In his podcast, Akimbo [https://www.akimbo.me/], Seth Godin teaches us how to adopt a posture of possibility, change the culture, and choose to make a difference. Here are my takeaways from the episode.
In this podcast, Seth shared his book publishing experience and discussed how the process has changed over the years. Book writing is a project that is suitable as an individual effort. When we consider writing and publishing a book, here are some recommendations to keep in mind.
The basic principle is that the magic of writing a book is that we are not trying to influence everyone. We are simply trying to influence someone. If that is the case, should we write a book?
Seth asserted that…
We should consider writing a book because we have something we can share.
We should consider writing a book because our experiences are worth showing to other people.
We should consider writing a book because it is a generous way to turn on lights or to open doors for someone.
We should consider writing a book because the writing process itself will clarify our thoughts and thinking.
We should consider writing a book because of the generous act of sharing insights with others might earn us some credibility, permission, and trust with the people who engage with our book.
But what do the book-publishing and book-selling business look like, past and present?
One reality about book-publishing is that the book-publishers recognize that their customer is the bookstore (physical and online), not the reader. Booksellers have an easy time reaching the publisher. Booksellers are visited all the time by the publishers, but not so much the readers.
Book publishing also was fraught with up-front capital and risks. The risks come in the physical work forms of chopping down trees, filling a warehouse with books, and shipping them around when needed. With the Internet and the digital age (e-books and audiobooks), many of these risks from the physical work disappeared.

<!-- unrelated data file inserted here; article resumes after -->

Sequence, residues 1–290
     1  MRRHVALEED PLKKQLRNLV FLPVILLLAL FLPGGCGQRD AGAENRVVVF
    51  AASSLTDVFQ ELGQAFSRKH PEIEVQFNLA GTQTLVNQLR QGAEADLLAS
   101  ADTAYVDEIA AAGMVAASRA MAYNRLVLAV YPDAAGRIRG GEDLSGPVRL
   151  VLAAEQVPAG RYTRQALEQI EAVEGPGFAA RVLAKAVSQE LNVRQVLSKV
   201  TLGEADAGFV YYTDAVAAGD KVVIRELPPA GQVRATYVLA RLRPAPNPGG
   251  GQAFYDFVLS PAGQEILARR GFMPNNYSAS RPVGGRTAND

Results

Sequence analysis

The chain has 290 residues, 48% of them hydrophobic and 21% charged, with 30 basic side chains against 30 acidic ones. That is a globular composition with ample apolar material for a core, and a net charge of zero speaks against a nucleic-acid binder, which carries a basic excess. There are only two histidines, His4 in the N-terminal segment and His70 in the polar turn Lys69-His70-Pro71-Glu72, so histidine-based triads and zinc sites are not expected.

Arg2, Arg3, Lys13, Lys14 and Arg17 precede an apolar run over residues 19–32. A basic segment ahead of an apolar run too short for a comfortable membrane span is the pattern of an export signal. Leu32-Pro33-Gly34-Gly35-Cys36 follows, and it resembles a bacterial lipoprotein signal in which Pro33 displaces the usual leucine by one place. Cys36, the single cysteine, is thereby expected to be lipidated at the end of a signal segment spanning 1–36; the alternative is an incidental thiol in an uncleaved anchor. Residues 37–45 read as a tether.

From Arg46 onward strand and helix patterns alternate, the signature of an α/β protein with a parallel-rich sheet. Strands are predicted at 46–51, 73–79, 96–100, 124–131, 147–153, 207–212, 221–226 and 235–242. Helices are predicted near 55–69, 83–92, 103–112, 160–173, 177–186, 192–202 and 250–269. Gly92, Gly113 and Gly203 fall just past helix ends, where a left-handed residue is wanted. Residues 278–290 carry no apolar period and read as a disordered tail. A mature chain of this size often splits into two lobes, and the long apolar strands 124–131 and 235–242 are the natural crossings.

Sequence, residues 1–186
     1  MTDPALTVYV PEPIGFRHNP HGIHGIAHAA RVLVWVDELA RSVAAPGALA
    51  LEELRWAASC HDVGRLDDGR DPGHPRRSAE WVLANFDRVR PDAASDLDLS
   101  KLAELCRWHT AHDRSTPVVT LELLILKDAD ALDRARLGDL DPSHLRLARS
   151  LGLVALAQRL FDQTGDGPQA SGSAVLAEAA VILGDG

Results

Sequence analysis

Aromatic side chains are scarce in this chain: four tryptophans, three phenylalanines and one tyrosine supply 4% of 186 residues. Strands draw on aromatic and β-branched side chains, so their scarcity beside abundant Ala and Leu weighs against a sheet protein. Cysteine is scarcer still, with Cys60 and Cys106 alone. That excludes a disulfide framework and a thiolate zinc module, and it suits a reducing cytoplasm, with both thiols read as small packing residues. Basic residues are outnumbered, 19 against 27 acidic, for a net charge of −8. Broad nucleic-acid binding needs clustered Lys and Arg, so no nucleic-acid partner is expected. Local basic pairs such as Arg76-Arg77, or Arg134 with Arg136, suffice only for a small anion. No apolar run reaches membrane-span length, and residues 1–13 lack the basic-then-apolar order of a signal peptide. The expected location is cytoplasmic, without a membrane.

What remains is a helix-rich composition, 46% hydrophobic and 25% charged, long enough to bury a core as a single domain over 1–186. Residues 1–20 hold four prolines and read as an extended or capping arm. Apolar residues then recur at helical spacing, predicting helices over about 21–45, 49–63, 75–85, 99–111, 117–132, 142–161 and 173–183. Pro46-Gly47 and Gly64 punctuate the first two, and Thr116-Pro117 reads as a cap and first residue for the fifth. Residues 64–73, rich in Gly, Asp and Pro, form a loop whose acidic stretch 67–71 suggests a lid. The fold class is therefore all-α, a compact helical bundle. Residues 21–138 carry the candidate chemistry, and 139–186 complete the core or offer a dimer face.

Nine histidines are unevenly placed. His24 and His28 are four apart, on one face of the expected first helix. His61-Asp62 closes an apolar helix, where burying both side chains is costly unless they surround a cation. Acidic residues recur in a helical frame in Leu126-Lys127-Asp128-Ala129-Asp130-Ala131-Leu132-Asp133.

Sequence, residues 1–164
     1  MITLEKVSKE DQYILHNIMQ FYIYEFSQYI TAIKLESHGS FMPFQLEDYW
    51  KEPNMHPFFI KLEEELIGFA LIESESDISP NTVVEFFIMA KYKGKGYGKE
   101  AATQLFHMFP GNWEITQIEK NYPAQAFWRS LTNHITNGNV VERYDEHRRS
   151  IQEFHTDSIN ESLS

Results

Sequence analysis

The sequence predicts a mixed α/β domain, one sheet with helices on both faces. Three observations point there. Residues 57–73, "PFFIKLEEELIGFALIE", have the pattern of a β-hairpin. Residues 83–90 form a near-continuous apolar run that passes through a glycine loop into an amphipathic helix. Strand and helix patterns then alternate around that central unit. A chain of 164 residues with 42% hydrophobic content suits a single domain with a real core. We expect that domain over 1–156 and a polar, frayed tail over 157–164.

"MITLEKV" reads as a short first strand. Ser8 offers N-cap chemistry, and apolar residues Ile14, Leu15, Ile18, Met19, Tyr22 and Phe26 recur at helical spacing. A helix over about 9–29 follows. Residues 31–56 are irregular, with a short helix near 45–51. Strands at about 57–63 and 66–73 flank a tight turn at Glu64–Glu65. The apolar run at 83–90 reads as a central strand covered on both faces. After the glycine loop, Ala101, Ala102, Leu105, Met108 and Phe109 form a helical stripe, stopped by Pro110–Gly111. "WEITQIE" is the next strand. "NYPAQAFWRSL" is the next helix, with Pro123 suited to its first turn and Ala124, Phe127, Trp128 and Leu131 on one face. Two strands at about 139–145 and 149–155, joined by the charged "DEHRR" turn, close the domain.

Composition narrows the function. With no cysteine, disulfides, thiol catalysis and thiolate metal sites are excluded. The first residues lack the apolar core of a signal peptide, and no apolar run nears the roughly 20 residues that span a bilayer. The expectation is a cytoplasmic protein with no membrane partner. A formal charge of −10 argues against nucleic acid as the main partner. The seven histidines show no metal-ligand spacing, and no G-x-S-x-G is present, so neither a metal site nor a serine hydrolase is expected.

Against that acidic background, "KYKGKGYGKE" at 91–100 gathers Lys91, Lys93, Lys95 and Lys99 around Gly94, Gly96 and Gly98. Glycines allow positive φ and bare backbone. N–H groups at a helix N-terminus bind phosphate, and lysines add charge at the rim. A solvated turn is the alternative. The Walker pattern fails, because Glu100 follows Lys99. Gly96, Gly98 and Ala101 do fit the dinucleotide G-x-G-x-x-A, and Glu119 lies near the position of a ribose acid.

So right now every one of us has the opportunity a professional in the book industry. If we decided to publish our book, we do not need to take on the enormous financial risk it used to have. Instead we can focus our effort on doing the emotional labor of bringing our book out in a format that is accessible to people and will help us convey the subject we are trying to teach.
What are we missing? One was the publishers spending the time and money to nurture the newbie author to help him carefully create a book that works. Those days are gone. The persistent and consistent promotion throughout months or years to develop an author and an author’s following, that is also gone. People aren’t spending the time anymore.
Seth also outlined the following principles and gave examples. The principles are:
- Our book is not for everyone, but it might be for someone.
- The format and cover matter. Others will judge the book by how it looks.
- The best seller list is a scam, and we should ignore it.
If we are willing to do the work and show up with generosity consistently, people are going to read our book. If people read our book and they do not like it, we should simply write another book. This act of clearly articulating our thinking down in writing for people who want to learn about us and from us is fun and generous. The effort of writing the book and learning from the book are ultimately productive for everybody.